As a business owner, you know that an on-time workforce is an important part of keeping your workplace running smoothly and efficiently.
But as we all know, employees rarely manage to maintain punctuality over their entire career.
According to a recent study from CareerBuilder, one of the most common excuses given for employee lateness is traffic, with half of all workers citing it as their reason for tardiness. Lack of sleep and bad weather are the next most popular excuses on the list.
Nearly one quarter (23 percent) of team members admit to being late at least once a month on average, with 15 percent arriving late to clock in at least once a week. And while arriving a few minutes late every once in a while may not seem like a major issue, keep in mind that absenteeism costs small businesses and enterprises alike billions of dollars each year – lost in productivity, wages, poor quality of goods and services, and excess management time.
Staff members who are constantly running late can cause disruptions to productivity, as well as friction between employees who may be expected to pick up the slack. This can lead to a drop in morale, and may even influence other co-workers to arrive late themselves, especially if they feel that management doesn’t notice, or care.
Bottom line, being able to rely on your team to arrive on time is important. If you’re dealing with a chronically late worker or two, here’s a look at a few things that you can do to help improve employee attendance, and increase the chances of them arriving to work on time, more often.
Clearly Communicate Your Expectations
First, make sure you have clear expectations for on-time attendance, and communicate that to your team. If you expect your workers to arrive at their start time of 8:00 – not 8:05, tell them at the start of their contract and make sure it’s outlined in the company policy. They should also understand they will receive a reprimanding for poor time management, perhaps starting with a verbal warning before escalating into further disciplinary action.
Discuss Tardiness in Private
If you have a chronically late employee, you might need to take some time to discuss their tardiness with them. However, make sure you respect their privacy. Don’t discuss the issue in front of others, or make a public statement by demanding to see them in your office. While it might seem like a good way to curb employee tardiness in your team, it can cause a huge negative impact on a good employee to get chewed out for a small mistake. That tardy employee could quickly become a lost employee, or you may be expected to take the same drastic measures every time an employee is a little late, or face claims of favoritism. There are valid reasons to confront an employee who doesn’t treat punctuality like a big deal, but you have to handle it with care and in private.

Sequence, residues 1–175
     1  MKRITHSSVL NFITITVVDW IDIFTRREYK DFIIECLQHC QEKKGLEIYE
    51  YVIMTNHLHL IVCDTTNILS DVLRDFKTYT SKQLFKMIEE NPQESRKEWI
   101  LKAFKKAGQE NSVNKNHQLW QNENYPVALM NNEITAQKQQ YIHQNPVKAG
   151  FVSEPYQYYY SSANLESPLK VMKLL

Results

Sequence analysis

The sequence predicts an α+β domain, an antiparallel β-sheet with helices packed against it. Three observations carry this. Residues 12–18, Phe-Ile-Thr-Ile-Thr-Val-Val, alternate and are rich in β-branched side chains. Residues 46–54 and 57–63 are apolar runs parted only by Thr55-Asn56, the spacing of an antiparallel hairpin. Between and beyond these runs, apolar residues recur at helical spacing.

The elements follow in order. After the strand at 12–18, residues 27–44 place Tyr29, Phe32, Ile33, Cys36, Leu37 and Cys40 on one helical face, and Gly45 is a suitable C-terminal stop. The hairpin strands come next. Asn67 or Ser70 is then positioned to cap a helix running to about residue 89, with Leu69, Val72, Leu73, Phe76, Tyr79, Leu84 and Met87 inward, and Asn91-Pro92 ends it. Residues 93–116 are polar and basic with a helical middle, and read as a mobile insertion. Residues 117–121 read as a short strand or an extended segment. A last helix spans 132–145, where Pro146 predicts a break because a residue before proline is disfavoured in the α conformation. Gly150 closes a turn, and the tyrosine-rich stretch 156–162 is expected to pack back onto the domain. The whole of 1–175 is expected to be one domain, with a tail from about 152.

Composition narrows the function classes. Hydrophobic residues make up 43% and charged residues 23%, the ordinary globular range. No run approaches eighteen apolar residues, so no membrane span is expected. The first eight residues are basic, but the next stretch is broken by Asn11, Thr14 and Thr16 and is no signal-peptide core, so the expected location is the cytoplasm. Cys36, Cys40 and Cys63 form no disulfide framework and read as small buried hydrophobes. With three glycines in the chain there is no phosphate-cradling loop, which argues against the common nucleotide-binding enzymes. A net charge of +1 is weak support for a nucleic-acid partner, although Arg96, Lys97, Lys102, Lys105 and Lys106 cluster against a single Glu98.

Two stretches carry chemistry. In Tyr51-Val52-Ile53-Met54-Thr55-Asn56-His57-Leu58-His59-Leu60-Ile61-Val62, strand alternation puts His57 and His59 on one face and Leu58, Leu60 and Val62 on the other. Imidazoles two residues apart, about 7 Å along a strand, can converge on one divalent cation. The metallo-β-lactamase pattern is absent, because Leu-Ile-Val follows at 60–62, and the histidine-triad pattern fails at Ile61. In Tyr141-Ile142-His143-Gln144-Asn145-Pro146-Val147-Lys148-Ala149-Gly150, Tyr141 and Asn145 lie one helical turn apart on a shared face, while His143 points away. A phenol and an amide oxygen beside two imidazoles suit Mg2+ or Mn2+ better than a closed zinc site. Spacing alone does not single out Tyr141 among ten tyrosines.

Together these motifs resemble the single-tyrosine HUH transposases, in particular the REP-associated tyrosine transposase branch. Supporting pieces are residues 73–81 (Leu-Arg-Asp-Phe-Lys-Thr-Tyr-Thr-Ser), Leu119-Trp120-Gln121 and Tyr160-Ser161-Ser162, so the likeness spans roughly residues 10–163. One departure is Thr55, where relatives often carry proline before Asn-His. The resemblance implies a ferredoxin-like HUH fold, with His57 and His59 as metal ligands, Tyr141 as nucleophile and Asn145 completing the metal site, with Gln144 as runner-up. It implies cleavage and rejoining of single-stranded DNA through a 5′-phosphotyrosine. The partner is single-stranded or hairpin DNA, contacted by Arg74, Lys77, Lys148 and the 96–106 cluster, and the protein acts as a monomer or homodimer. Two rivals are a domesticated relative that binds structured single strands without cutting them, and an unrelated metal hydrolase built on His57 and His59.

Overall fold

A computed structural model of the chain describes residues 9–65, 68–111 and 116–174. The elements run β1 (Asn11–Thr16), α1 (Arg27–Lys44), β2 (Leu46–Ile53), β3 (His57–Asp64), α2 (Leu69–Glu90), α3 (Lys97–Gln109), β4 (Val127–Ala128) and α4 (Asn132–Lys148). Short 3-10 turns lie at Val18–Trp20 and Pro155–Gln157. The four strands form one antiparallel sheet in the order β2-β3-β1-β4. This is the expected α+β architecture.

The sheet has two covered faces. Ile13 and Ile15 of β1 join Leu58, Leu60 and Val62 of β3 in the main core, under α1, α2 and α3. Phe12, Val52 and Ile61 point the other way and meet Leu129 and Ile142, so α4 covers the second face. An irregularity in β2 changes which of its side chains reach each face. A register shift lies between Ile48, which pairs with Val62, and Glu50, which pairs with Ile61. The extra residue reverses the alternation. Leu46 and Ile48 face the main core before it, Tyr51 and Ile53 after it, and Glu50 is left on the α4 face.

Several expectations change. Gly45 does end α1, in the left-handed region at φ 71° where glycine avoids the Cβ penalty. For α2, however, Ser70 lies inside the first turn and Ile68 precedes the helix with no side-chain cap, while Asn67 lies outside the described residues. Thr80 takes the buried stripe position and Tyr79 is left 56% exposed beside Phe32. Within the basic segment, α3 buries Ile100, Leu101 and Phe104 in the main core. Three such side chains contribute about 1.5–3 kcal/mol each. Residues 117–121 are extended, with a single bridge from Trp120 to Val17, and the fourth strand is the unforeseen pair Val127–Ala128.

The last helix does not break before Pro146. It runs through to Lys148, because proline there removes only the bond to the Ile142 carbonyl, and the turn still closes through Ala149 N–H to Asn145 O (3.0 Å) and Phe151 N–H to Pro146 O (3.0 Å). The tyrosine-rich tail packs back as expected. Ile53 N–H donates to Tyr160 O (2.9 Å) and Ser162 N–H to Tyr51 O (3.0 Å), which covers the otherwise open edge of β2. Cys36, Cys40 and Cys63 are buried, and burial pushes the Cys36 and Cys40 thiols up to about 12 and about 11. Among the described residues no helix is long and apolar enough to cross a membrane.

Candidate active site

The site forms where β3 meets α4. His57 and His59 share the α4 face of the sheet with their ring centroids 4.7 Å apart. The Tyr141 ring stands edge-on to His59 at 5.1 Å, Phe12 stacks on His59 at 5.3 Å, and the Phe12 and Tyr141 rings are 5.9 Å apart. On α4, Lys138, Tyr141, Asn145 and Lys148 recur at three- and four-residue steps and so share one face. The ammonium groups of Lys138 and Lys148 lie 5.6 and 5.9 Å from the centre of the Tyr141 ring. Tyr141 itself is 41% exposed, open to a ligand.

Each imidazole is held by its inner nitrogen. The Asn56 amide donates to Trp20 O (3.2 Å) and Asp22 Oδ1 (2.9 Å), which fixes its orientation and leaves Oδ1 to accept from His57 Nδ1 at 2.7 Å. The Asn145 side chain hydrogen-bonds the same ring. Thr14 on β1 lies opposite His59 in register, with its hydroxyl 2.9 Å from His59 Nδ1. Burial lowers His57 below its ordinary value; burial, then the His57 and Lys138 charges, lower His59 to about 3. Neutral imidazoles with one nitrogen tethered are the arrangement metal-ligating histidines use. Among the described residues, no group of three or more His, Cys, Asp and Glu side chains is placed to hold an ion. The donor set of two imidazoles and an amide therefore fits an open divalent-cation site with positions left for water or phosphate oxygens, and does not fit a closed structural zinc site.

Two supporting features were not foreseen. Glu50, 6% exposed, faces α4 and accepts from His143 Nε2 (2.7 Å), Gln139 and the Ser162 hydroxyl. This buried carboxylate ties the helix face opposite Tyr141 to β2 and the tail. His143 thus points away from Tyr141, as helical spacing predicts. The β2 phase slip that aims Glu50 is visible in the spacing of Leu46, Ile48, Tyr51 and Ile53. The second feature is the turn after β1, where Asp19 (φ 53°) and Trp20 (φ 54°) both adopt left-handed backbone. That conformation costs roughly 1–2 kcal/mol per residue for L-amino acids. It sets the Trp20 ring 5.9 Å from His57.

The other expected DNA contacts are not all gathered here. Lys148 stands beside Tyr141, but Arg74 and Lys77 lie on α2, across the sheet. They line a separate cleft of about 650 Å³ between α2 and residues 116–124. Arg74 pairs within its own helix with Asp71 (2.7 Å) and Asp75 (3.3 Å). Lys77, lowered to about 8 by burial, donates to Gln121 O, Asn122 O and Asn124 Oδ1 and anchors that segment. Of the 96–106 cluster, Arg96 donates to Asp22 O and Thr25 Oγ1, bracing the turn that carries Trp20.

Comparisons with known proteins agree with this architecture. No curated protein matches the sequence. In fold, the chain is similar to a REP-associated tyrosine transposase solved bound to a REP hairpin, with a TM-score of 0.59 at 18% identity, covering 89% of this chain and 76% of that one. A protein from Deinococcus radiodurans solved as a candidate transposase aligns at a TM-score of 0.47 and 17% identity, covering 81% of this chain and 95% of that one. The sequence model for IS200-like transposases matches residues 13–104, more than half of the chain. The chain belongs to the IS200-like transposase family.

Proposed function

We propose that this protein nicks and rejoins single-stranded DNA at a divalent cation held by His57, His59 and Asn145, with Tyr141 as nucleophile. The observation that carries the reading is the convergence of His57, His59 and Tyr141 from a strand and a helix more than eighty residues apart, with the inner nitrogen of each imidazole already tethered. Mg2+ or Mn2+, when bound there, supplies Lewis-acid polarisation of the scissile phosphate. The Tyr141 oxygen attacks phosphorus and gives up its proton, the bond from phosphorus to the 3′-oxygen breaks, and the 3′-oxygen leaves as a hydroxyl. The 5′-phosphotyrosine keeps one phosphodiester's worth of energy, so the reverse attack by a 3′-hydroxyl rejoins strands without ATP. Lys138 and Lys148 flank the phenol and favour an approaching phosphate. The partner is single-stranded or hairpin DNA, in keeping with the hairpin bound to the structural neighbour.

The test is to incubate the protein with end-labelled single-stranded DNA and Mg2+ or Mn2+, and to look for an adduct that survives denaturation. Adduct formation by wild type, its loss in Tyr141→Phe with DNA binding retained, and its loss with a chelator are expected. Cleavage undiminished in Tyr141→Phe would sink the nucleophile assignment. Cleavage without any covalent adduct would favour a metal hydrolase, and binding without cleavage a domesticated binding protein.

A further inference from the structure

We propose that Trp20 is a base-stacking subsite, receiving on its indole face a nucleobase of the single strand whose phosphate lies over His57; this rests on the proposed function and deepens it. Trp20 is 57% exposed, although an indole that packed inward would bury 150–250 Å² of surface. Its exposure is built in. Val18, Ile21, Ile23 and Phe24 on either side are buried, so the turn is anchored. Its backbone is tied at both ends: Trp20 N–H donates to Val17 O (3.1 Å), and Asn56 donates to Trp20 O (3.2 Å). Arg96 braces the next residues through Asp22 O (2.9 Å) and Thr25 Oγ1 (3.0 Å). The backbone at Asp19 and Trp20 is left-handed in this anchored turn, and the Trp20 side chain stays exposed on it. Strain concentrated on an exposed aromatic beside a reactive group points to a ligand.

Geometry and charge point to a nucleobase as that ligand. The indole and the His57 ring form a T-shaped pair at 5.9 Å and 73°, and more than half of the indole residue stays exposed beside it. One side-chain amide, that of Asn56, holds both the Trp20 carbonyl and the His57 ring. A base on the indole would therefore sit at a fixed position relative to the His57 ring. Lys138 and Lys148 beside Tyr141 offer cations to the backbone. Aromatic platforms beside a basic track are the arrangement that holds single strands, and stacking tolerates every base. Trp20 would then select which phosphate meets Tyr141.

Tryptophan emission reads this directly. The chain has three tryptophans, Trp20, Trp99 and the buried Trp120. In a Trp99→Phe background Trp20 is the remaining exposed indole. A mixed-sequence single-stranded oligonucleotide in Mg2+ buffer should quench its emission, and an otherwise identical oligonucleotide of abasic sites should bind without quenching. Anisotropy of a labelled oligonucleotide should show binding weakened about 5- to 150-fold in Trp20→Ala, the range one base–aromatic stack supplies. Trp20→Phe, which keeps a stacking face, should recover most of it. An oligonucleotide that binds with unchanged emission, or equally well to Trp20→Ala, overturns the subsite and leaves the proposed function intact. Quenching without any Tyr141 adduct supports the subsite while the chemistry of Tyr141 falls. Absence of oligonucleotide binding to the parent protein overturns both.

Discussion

Get to the Root of the Problem
Try talking with your worker to see if you can find out what’s causing them to arrive late. Was it a result of one-time oversleeping, or are they experiencing medical issues or personal problems at home? Give them the benefit of the doubt, as there are a lot of factors and unforeseen circumstances that could be throwing off their work-life balance.
For some workers, it may be a simple matter of “I didn’t realize that you noticed.” For others, it may be that they’re unclear about the importance of starting at a specific time. For others, personal issues may be making it difficult to arrive on time.
Develop a Plan
Once you understand the reason for your employee’s late arrival, try to work with them to develop a plan to arrive on time. For instance, if a home situation is keeping them from arriving on time early in the morning, then you might be able to adjust their schedule to allow them to come in at a later time. If appropriate, you may want to consider giving them some flexible in their workday – maybe they can work from home one or two days a week, for example.
For others, leaving the house 10 minutes earlier may be the only steps that are required. No matter what solution you decide on, make sure you work with them to come up with an action plan that will help them to arrive on time.
Reward Positive Actions
Consider rewarding your workers who have excellent attendance rates. Find simple ways to motivate your employees and encourage them to be on time consistently. Incentives can include cash bonuses, gift cards, or extra time off. Also, for employees that were called out for their tardiness, make sure to reward improvements in their arrival times. This will give them positive reinforcement that will make it easier for them to stick with their new habits, and it can boost their morale if they felt sour about being called out.
Finally, don’t wait a few months to see if the problem resolves itself. You should be proactive in correcting your employee’s behavior before it gets out of hand. If you let one employee get away with tardiness, then other employees may feel that they can do the same. Stay on top of your game by putting an end to tardiness as soon as it begins. If your employee has started to arrive late, take some time to talk with them right away to see if you can get to the root of the problem, and find a solution that will work for both of you.
Finally, it’s important to realize that a few words of encouragement can often go a long way towards motivating your employees. Be sure to thank them for their work, praise their performance, and remind them of the value of their work. When your workers feel appreciated, they’ll be more motivated to show up on time, which will help to contribute to a positive and more productive working environment.